Health Outcomes in Japan Are Significantly Better Than Those in the US, Even Though the US Spends Much More on Health Care
After the devastating consequences of the World War II the population of Japan was suffering from very poor level of health. Today this country turns out to have the highest life expectancy in the whole world (Bezruchka, Namekata & Sistrom 2008). This massive improvement happened due to the re-establishment of Confucian principles of state structure.
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What Can the US Learn from This Country?
The country’s leaders worked on creating special programs that launched waves of health promotion in Japan. The waves were directed at stimulation of growth of health industry (Okamoto 2008). This is what the United States could learn from the Japanese idea of health promotion. The American leaders could spend less money advertising medications, and put more effort into promotion of healthy lifestyle.
Japan’s Heath Status
Health care in Japan is very developed. This country’s life expectancy is over eighty four years (Life Expectancy at Birth n. d.). Total population of Japan includes over one hundred and twenty eight million people (Japan 2014). The Japanese are very proud of the quality of their health care system (Health Care in Japan 2011). The statistics also show that even though the average life expectancy is long, the population of Japan is shrinking due to rapid ageing (Ikeda et al. 2011).
How Reconstruction after World War II Contributed to Japan’s Contemporary Health Status
After the World War II Japanese country leaders had to employ many changes. The political structure of the country became more democratized. The feature that makes this country stand out is the lack of focus on individual gains. This helped the Japanese leaders achieve better health status.
One Significant Political Feature and One Legal Feature of Japan’s Contemporary Health Care System that Contributes to Japan’s Population Health Status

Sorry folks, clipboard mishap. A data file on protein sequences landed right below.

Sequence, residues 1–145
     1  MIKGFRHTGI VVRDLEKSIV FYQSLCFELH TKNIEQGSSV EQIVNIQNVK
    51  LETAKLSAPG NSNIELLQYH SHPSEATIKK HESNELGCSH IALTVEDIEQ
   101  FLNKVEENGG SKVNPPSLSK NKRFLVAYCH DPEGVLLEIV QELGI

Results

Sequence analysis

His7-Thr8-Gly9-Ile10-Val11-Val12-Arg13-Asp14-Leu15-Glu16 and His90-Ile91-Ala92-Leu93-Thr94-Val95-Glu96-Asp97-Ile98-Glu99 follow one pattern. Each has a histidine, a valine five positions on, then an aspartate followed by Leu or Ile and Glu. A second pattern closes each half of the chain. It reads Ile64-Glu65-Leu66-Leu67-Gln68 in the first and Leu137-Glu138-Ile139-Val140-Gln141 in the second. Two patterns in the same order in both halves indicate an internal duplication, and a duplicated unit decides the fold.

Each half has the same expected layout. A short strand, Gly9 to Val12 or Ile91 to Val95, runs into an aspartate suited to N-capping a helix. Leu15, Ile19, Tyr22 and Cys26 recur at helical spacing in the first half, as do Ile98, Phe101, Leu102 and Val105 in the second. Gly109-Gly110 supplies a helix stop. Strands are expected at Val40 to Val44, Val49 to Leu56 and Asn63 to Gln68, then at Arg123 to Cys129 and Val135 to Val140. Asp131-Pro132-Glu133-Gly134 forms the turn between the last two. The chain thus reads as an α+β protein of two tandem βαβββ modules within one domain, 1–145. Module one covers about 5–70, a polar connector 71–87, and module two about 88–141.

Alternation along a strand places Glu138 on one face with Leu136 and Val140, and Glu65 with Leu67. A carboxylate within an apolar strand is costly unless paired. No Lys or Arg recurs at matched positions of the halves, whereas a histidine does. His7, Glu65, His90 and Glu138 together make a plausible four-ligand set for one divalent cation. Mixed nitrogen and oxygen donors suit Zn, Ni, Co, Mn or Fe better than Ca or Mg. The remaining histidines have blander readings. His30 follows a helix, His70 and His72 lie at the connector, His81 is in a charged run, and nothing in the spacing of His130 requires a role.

Japan succeeded at building and maintaining egalitarian society due to the legal practice of a life-time employment (Kawachi, Fujusawa & Takao 2007). Social capital is the political practice that helped raise the health status in Japan (Hamada & Takao 2008). This practice is based on high democratic polity.
Two Reasons of the Disparity between the Japanese and the American Populations in Health Achievement
Culturally the people of Japan have the group mentality that makes them think about the better outcomes for the whole society, instead of being individualistic. American society is very individualistic and most people of the United States are taught to achieve their own happiness, being self-sufficient and independent. These are two very different sets of values. Besides, the level of income equality in Japan is higher, while the gap between the rich and the poor in the United States is huge and growing.
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Two Lessons Other Countries Can Learn from the Japanese Experience
First of all, the idea of group mentality is a great practice for any society. New policies in any field are accepted quicker and work better in a society with the group mentality. The second lesson is the importance of health promotion. The main effort should be put into the practice of healthy lifestyle, healthy eating and sport.
The scientists notice that Japanese people’s behavior is very unusual for a Western observer (Bezruchka n. d). The people of Japan are always in groups; their workplaces have strict organization and precise structure. The developed system of social support and the Confucian principles in the political built of the state have increased the productivity of health care policies in Japan. Social inequality in Japan is growing these days and it seems like their very strong health care has a tendency to fail in several aspects (Aida et al. 2011).
Japanese health care is considered one of the strongest in the world, Japanese life expectancy is very high. It took this country’s leaders several decades to achieve impressive results and develop very productive policies to improve the population’s health status after the World War II.
Aida, J., Kondo, K., Sheiham, A. & Tsakos, G. (2011). Income Inequality, Social Capital and Self-Rated Health and Dental Status in Older Japanese. Social Science & Medicine, 73(10), 1561-1568.
Bezruchka, S., Namekata, T., & Sistrom, M. G. (2008). Interplay of politics and law to promote health: Improving economic equality and health: The case of postwar Japan. American Journal of Public Health,98(4), 589–594.
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Hamada, J. & Takao, S. (2008). Policy Implications of Social Capital for the Japanese Social Security System. Acta Medica Okayama, 62(5), 275-283.
Health Care in Japan. The Economist. Web.
Ikeda, N. Saito, E. Kondo, N., Inoue, M., Saton, T. (2011). What Has Made the Population of Japan Healthy? Lancet, 378(9796), 1094-1105.
Japan. World Health Organization. Web.
Kawachi, I., Fujisawa, Y., & Takao, S. (2007). The health of Japanese—What can we learn from America? Japanese National Institute of Public Health, 56(2), 114–121.
Life Expectancy at Birth. CIA. Web.
Okamoto, E. (2008). Public health of Japan 2008. Web.